Big Polytope Zome Model
Florida 1999 Big Polytope Zome Model Steve Rogers

Florida 1999 48 Truncated Cubes Poorly designed FDM model

Prism on a Snub Cube – “Net”
Florida 1999 Prism on a Snub Cube – “Net” George Olshevski

Duo-Prisms - “Nets” Andrew Weimholt George Olshevski Andrew Weimholt
Florida 1999 Duo-Prisms - “Nets” Andrew Weimholt George Olshevski Andrew Weimholt Robert Webb

Grand Antiprism “Net” with stack of 10 pentagonal antiprisms
Florida 1999 Grand Antiprism “Net” with stack of 10 pentagonal antiprisms George Olshevski

Non-Convex Polytopes Components may pass through each other
Florida 1999 Non-Convex Polytopes Components may pass through each other Slices may be useful for visualization Slices may be disconnected Jonathan Bowers

Beyond 4 Dimensions … What happens in higher dimensions ?
Florida 1999 Beyond 4 Dimensions … What happens in higher dimensions ? How many regular polytopes are there in 5, 6, 7, … dimensions ? Only three regular types: Hypercubes — e.g., cube Simplexes — e.g., tetrahedron Cross polytope — e.g., octahedron

Hypercubes A.k.a. “Measure Polytope”
Florida 1999 Hypercubes A.k.a. “Measure Polytope” Perpendicular extrusion in nth direction: 1D D D D

Orthographic Projections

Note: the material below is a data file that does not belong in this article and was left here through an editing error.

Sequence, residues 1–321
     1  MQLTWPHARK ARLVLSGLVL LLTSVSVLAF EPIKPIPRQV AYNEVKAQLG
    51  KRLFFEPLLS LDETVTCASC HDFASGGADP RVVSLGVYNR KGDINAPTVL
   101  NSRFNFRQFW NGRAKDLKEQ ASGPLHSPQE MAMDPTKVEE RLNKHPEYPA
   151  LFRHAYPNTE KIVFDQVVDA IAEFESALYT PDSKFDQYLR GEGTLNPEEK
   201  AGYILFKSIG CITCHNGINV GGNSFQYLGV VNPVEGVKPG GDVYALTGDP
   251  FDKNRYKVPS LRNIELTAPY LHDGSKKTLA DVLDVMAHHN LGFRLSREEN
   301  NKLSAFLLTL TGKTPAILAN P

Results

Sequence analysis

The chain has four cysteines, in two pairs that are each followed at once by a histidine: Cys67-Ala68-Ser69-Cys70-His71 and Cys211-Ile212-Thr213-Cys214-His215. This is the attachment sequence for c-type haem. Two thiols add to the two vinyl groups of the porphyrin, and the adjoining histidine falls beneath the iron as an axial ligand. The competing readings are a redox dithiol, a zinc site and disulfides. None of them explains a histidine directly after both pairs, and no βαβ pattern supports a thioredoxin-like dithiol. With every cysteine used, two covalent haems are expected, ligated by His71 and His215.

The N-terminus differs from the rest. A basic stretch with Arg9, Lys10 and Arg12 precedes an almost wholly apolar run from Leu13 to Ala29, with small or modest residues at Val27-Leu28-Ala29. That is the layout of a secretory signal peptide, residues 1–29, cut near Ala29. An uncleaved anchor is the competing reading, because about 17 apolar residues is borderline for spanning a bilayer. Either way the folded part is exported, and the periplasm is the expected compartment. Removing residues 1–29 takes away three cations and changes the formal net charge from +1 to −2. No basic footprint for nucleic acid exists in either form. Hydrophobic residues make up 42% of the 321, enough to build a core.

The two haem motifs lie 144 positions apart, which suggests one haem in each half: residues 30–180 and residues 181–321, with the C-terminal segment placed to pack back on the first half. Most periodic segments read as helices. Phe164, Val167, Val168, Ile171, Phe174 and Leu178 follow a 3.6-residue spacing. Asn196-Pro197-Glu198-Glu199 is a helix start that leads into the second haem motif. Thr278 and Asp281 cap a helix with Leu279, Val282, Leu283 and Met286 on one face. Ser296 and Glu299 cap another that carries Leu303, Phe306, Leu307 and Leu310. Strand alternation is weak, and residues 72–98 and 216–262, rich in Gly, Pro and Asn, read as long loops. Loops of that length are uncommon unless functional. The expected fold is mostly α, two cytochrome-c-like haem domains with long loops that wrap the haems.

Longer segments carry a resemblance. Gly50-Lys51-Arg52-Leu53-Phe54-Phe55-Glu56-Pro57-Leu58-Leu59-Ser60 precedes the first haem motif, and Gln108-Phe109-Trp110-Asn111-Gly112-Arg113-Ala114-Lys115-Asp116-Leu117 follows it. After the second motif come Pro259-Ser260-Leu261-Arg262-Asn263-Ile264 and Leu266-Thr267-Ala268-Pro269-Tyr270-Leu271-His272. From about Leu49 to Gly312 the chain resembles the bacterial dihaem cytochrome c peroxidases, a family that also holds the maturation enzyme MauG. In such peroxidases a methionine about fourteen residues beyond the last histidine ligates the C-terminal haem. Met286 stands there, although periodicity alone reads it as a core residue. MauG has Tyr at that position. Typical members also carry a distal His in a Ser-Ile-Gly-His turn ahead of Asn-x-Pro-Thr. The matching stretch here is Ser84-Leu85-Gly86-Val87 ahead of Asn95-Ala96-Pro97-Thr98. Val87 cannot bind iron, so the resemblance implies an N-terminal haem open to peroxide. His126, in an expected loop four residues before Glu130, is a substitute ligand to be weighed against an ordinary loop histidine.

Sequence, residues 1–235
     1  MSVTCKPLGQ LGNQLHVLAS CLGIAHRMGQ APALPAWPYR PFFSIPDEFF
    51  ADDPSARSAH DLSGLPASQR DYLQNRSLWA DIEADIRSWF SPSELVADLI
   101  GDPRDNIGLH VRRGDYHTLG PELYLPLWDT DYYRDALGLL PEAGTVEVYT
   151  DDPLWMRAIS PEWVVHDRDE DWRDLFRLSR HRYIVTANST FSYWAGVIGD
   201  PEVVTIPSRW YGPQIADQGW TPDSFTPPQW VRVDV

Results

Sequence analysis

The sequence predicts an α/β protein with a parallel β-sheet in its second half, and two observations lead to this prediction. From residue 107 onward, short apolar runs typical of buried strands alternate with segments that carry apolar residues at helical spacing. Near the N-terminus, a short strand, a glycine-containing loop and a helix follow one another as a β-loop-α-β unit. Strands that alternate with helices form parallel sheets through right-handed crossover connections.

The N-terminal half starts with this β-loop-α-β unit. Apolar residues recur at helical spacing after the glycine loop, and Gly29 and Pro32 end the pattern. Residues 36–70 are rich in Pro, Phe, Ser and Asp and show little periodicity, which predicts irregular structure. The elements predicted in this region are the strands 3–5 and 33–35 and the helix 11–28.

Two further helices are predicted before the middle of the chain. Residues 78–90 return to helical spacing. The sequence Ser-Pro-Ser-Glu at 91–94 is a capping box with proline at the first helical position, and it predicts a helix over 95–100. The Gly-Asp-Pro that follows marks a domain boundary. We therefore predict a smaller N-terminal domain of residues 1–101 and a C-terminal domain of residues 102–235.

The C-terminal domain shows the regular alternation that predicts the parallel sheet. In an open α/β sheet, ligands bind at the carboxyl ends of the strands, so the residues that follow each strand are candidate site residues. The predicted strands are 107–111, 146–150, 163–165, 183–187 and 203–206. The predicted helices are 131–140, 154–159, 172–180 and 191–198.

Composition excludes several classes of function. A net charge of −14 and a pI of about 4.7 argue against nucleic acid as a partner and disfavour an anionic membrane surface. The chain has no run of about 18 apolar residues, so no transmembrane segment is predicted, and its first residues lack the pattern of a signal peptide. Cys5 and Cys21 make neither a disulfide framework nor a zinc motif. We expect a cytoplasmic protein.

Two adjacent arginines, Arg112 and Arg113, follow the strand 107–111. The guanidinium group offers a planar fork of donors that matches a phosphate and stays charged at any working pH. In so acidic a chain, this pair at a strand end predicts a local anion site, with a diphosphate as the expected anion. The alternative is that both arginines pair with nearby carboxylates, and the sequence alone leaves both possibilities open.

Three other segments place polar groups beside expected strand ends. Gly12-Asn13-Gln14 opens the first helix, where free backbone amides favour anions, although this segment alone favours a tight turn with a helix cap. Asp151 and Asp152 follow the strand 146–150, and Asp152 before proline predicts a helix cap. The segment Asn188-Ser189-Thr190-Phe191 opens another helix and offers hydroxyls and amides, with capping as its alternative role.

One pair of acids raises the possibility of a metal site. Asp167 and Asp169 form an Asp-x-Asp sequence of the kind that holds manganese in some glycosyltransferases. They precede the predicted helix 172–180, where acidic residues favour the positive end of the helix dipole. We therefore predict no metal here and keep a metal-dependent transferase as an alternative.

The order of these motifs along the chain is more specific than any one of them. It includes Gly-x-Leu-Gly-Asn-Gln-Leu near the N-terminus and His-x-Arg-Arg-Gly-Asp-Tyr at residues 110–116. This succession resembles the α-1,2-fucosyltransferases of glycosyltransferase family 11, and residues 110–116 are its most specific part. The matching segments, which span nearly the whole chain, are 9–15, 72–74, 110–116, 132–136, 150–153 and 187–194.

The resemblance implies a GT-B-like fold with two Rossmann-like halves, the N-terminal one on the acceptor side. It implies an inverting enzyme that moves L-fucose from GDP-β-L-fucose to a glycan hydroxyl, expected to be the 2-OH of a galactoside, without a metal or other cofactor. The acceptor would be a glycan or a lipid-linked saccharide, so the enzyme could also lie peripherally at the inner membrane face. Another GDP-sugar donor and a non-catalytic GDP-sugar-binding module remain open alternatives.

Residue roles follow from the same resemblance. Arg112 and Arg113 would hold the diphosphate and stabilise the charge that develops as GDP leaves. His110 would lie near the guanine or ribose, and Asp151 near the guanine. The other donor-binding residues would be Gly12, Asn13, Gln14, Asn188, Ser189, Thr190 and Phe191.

Florida 1999 Orthographic Projections Parallel lines remain parallel

Florida 1999 Simplex Series Connect all the dots among n+1 equally spaced vertices: (Put next one “above” center of gravity) D D D This series also goes on indefinitely.

7D Simplex A warped cube avoids intersecting diagonals.
Florida 1999 7D Simplex A warped cube avoids intersecting diagonals. Up to 6D can be constructed with Zometool. Open problem: 7D constructible with Zometool?

A square frame for every pair of axes
Florida 1999 Cross Polytope Series Place vertex in + and – direction on each axis, a unit-distance away from origin. Connect all vertex pairs that lie on different axes. 1D D D D A square frame for every pair of axes 6 square frames = 24 edges

6D Cross Polytope 12 vertices suggests using icosahedron
Florida 1999 6D Cross Polytope 12 vertices suggests using icosahedron Can do with Zometool.

Florida 1999 6D Cross Polytope Chris Kling

Florida 1999 Some References Ludwig Schläfli: “Theorie der vielfachen Kontinuität,” 1858, (published in 1901). H. S. M. Coxeter: “Regular Polytopes,” 1963, (Dover reprint). Tom Banchoff, Beyond the Third Dimension, 1990. G.W. Hart, “4D Polytope Projection Models by 3D Printing” to appear in Hyperspace. Carlo Sequin, “3D Visualization Models of the Regular Polytopes…”, Bridges 2002.

Florida 1999 Puzzle Which of these shapes can / cannot be folded into a 4D hypercube? Hint: Hold the red cube still and fold the others around it. Scott Kim